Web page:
BigUpRadio.com proudly presents the all new weekly reggae dancehall radio show called "Green Lion Radio Show." Hosted by DJ and producer Zeke Stern, the Green Lion Reggae show features speciality programming in which Stern curates the program based around a unique theme, exclusive pre-releases from the Green Lion catalogue, one on one interviews and Green Lion's signature 'LP Clash' where seminal albums in the history of the music face off and the listener can decide who wins. This week Green Lion's LP Clash plays two LPs back to back and lets YOU be the judge. This week its Cornell Campbell's 1979 LP "Inspector General" produced by Bunny Lee up against Barrington Levy's 1979 LP "Shaolin Temple" produced by Henry "Junjo" Lawes.
Two scorchers but only one album can prevail! Order in the court!These are too wicked classic dancehall records filled with big tunes! Don't miss this show December 3rd!
Catch the Green Lion Radio Show every Monday on the dancehall station at bigupradio.com. The show times on Mondays are: 5am, 11am, 5pm and 11pm Eastern Standard Time. The Green Lion Radio Show, keeping you up to the time and close to the roots.
About BARRINGTON LEVY:
One of the great success stories of the '80s, Barrington Levy, arrived on the dancehall scene and swiftly remodeled it in his own image. Although numerous DJs and vocalists would rise and fall during this decade, Levy was one of the few with staying power, and he continued releasing massive hits well into the '90s. Born in 1964 in Clarendon, Jamaica, as a youngster, Barrington Levy formed the Mighty Multitude with his cousin Everton Dacres. They started off playing the sound systems and cut their first single, "My Black Girl," in 1977. All of 14, Levy broke out on his own the next year and recorded his debut solo single, "A Long Time Since We Don't Have No Love." It didn't have much of an impact, however the teen's appearances in the dancehalls were eagerly awaited events. It was at one of these that Levy met former singer turned producer Junjo Lawes and New York-based producer Hyman "Jah Life" Wright. The pair took the youth into Channel One studio, accompanied by the Roots Radics, and recorded a clutch of cuts. The first fruits of this union were "Ah Yah We Deh," quickly followed by "Looking My Love," "Englishman," and "Wedding Ring Aside." Success was immediate, but it was the mighty "Collie Weed" that really cemented the teen's hold of dancehall. "Shine Eye Girl" was a smash follow-up, and the young Levy was now in great demand. A stream of singles followed, "Wicked Intention," "Jumpy Girl," a lovely version of Horace Andy's "Skylarking," the humorous "Disco Music," "Reggae Music," and "Wicked Intention" included. Levy joined forces with producer Alvin Ranglin for another sting of hits — "Never Tear My Love Apart," "Jah," "You Made Me So Happy," and "When You're Young and in Love."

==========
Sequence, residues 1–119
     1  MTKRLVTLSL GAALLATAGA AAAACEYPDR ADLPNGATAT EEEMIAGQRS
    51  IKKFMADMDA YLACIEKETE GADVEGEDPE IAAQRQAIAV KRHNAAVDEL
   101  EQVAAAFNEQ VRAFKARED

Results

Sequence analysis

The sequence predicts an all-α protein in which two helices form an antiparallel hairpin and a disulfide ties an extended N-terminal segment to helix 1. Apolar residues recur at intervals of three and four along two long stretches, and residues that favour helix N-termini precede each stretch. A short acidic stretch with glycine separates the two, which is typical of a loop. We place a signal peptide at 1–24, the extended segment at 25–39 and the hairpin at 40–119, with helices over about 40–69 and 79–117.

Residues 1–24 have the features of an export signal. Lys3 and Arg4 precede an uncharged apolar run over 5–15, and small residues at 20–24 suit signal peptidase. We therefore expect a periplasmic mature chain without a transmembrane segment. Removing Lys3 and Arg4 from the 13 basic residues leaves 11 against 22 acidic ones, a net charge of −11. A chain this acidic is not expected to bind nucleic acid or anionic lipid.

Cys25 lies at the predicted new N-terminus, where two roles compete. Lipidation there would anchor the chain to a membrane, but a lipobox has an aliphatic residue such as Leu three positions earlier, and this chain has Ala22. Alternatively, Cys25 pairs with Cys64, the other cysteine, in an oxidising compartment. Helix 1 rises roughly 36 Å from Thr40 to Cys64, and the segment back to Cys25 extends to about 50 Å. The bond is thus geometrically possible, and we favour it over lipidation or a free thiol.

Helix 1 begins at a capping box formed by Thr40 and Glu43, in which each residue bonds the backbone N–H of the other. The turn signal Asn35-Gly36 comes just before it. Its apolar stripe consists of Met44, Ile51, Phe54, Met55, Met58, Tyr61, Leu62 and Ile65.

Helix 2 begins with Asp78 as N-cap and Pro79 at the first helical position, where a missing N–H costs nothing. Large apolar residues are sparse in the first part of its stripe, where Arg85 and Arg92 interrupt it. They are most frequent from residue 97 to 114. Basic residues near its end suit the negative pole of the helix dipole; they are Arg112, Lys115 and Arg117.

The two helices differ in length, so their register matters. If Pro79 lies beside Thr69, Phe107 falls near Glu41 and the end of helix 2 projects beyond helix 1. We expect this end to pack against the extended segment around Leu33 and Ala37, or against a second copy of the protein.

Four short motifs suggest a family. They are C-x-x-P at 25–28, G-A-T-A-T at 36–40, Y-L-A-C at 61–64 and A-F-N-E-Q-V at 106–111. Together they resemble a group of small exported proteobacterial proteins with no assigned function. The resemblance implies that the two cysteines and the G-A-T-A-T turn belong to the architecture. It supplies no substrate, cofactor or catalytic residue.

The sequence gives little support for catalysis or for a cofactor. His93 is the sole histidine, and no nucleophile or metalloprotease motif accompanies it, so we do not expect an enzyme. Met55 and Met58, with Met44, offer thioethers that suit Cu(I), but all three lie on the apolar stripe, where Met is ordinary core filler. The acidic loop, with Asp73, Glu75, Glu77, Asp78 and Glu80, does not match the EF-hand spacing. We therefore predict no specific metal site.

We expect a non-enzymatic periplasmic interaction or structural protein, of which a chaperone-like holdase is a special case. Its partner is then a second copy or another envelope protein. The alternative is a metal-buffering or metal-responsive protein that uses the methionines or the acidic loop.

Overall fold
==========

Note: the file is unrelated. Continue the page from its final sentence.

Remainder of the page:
About CORNELL CAMPBELL:
Perhaps best known for the series of "Gorgon rock" records he cut with legendary producer Bunny Lee, reggae singer Cornel Campbell was born in Jamaica in 1948. As a teen he recorded his first material for Studio One, cutting a series of ska sides both as a solo artist and as one half of a duo with Alan Martin; from 1964 to 1967, Campbell seemingly disappeared from the music business, however, finally resurfacing as a member of the short-lived rocksteady harmony trio the Uniques. As the decade ended, he helmed the Eternals, scoring a number of Studio One-generated hits including "Queen of the Minstrels" and "Stars," but in 1971 again went solo after teaming with Lee, a pairing which spotlighted Campbell's distinctive falsetto to stunning effect. Despite earning acclaim for a self-titled LP issued on Trojan two years later, in 1975 he shifted from the lovers rock sensibility of recent efforts toward the more explicitly rastafarian approach of records like "Natty Dread in a Greenwich Farm" and "Natural Fact," both of which emerged among his biggest hits to date. Later that year, Campbell and Lee also launched "The Gorgon," a boastful smash which yielded a series of hit sequels. While 1977's "The Investigator" heralded a successful return to lovers rock, Campbell's commercial clout waned in the years to come, and in 1980 he and Lee parted ways; subsequent pairings with producers including Winston Riley, Niney the Observer, and King Tubby failed to re-create the excitement of past sessions, however, Campbell remains active touring to this day.
About GREEN LION:
Zeke Stern, aka Green Lion, is a deejay, producer and radio host based in New England USA as well as co-founder (with Dana ‘Chai’ Knowles) of theGreen Lion Crew sound system. Stern’s credits include the underground crossover hit “Come Down” performed by Collie Buddz included on the Playback EP as well as the More Spiritual Riddim featuring Kabaka Pyramid, Mr Williamz, Million Stylez, YT, and Perfect.